Moaning Lisa’s second EP, Do You Know Enough?, is the audio equivalent of four seasons in one day. When “Lily” rolls around, the storm is settling in and things are taking a turn for the worse. A considerable stylistic departure for the Canberra natives, “Lily” is a slow-motion lucid dream in which a private universe crumbles and drifts into the abyss. Anchored by picked-out bass and beds of guitar feedback, the song subtly sweeps and builds to what may be the single most devastating lyric of the year: “Now I have nothing left for you to take.” Welcome to heartbreak.

Band Members
Charlie – vox/bass/guitar
Hayley – guitar/bass/vox
Ellen – lead guitar
Hayden – drums

‘Lily’ is taken from Moaning Lisa’s sophomore EP, ‘Do You Know Enough?’ out now on Hysterical Records (AU) and Father/Daughter Records (US).

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Sir Babygirl’s Kelsie Hogue has turned your most disastrous nights into a catchy, carnival-esque nightmare.

“The most insidious thing about self-destruction is how hard it is to spot,” she says. “It’s quite a shape shifter. With this album, I wanted to face my self-sabotaging tendencies head-on in hopes of exorcising them.”

In the “Haunted House” video — directed by Eli Raskin with choreography by Ashley “Robi” Robicheaux — Hogue jerks her body like a marionette’s, scribbling in her diary and hitting high note after high note with the frenzy of someone who’s belted hours of karaoke hits into her hairbrush.

“We wanted the set to reflect the idea of being trapped in your own trauma, with no perception of the outside world,” Hogue says. A self-described theater kid, Hogue crafted Sir Babygirl as a project in which everything — celebration, self-sabotage, healing — is part of the performance. There may be trauma to work through, but Sir Babygirl is an agent of catharsis: an inner world in which Hogue plays all the parts, in which a role only has power if you choose to play it.

Sir Babygirl’s debut album “Crush on Me” comes out February. 15th via Father/Daughter Records

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It’s fair to say that we’re living in one of the most rewarding times ever for power pop fans. From Charly BlisstoKero Kero Bonito, a bunch of current acts are finding the way to merge classic power pop tropes (crunchy guitars with radio-friendly melodies) with a more bubblegum and cartoonist approach that is progressively making power pop less of an all-boys club. With a new album coming out early next year via Father/Daughter Records, you might (and you should) want to add Sir Babygirl to your lists. New Hampshire-based artist Kelsie Hogue is the mastermind behind this project that aims to capitalize the “pop” in “power pop” while adding her own fresh and queer twist.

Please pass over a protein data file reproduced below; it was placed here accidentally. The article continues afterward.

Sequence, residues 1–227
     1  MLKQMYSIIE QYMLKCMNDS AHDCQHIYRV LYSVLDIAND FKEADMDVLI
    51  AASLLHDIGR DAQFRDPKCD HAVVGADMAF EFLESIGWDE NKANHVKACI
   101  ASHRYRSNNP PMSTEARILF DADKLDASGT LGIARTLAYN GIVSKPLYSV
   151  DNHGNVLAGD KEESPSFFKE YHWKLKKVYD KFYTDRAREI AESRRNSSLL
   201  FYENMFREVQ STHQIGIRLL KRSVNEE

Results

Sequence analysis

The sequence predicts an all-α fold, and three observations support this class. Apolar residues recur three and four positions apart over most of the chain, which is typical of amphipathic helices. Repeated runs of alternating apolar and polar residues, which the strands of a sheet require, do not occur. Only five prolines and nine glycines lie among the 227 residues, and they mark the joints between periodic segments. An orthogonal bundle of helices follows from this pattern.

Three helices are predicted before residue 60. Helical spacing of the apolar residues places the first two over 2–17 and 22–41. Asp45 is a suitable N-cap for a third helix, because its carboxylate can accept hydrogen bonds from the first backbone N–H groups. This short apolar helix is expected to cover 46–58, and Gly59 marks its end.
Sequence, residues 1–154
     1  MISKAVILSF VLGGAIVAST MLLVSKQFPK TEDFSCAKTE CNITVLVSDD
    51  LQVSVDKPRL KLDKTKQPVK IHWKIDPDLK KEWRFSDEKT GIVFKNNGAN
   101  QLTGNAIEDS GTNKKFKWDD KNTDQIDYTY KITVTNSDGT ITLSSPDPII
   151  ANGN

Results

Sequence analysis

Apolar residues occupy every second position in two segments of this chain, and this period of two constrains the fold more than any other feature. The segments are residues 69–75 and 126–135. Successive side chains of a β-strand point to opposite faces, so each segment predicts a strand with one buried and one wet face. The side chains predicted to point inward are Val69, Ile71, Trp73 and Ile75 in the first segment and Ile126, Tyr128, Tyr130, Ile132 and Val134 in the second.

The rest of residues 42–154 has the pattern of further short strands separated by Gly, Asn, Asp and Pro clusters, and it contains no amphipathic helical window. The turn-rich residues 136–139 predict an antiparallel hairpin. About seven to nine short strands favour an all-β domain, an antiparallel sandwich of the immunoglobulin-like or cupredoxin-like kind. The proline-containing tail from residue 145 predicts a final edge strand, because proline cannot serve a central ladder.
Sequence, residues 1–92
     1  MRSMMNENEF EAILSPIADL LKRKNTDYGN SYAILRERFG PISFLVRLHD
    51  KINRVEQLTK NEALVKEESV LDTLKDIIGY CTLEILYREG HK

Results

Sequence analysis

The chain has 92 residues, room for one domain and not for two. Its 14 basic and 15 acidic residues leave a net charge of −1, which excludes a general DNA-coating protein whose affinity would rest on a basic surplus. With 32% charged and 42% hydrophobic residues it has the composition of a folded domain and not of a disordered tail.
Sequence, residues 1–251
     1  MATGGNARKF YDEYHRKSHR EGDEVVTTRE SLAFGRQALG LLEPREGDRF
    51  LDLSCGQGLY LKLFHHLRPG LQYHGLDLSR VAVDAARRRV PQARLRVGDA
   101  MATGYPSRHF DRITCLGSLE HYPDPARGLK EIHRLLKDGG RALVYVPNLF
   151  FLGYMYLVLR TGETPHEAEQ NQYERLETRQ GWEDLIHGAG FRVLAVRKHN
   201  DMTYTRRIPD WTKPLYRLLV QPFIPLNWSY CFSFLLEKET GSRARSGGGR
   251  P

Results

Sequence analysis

Her latest single “Flirting With Her” is a true pop gem that pays tribute to female-fronted 90s rock acts like Hole or Liz Phair as much as it does to teenage pop from all eras. In a way, Sir Babygirl feels like the natural evolution of early 2010s acts like La Sera or Best Coast. Whereas those artists brilliantly appropriated garage aesthetics and 60s girl groups melodies while giving them a rather crunchy spin, Sir Babygirl is keeping the “power” in “power pop” while updating the “pop” to keep up with current trends – it would make complete sense to see Hogue collaborating with PC Music. Boasting perfect harmonies and an insanely catchy outro, it could be argued that the last minute in “Flirting With Her” is simply pop perfection. But that would be a disservice to the rest of the song. “Flirting With Her” is pop perfection in its entirety, and after her debut bop “Heels”, it’s also the second killer single we’ve gotten from Sir Babygirl in the past few months. If I had to put my money on it, I’d say there are more of them coming.

“Flirting with her is like butterflies screaming” is a demonic way to open a song and one I back 100%.